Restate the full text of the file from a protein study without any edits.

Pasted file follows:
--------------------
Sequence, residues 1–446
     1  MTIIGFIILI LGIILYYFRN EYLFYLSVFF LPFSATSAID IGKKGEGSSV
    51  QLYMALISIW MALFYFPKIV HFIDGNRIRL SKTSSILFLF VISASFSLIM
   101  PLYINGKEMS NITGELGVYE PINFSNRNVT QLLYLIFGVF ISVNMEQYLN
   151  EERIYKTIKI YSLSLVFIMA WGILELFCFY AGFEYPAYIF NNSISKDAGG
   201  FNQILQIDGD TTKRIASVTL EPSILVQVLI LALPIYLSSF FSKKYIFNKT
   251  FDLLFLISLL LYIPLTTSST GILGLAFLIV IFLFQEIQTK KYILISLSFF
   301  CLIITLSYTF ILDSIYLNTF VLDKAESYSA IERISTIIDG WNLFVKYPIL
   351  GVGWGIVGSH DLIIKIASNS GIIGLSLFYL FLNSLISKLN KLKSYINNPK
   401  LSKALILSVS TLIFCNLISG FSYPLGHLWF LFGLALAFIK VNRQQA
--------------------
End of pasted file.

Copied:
Sequence, residues 1–446
     1  MTIIGFIILI LGIILYYFRN EYLFYLSVFF LPFSATSAID IGKKGEGSSV
    51  QLYMALISIW MALFYFPKIV HFIDGNRIRL SKTSSILFLF VISASFSLIM
   101  PLYINGKEMS NITGELGVYE PINFSNRNVT QLLYLIFGVF ISVNMEQYLN
   151  EERIYKTIKI YSLSLVFIMA WGILELFCFY AGFEYPAYIF NNSISKDAGG
   201  FNQILQIDGD TTKRIASVTL EPSILVQVLI LALPIYLSSF FSKKYIFNKT
   251  FDLLFLISLL LYIPLTTSST GILGLAFLIV IFLFQEIQTK KYILISLSFF
   301  CLIITLSYTF ILDSIYLNTF VLDKAESYSA IERISTIIDG WNLFVKYPIL
   351  GVGWGIVGSH DLIIKIASNS GIIGLSLFYL FLNSLISKLN KLKSYINNPK
   401  LSKALILSVS TLIFCNLISG FSYPLGHLWF LFGLALAFIK VNRQQA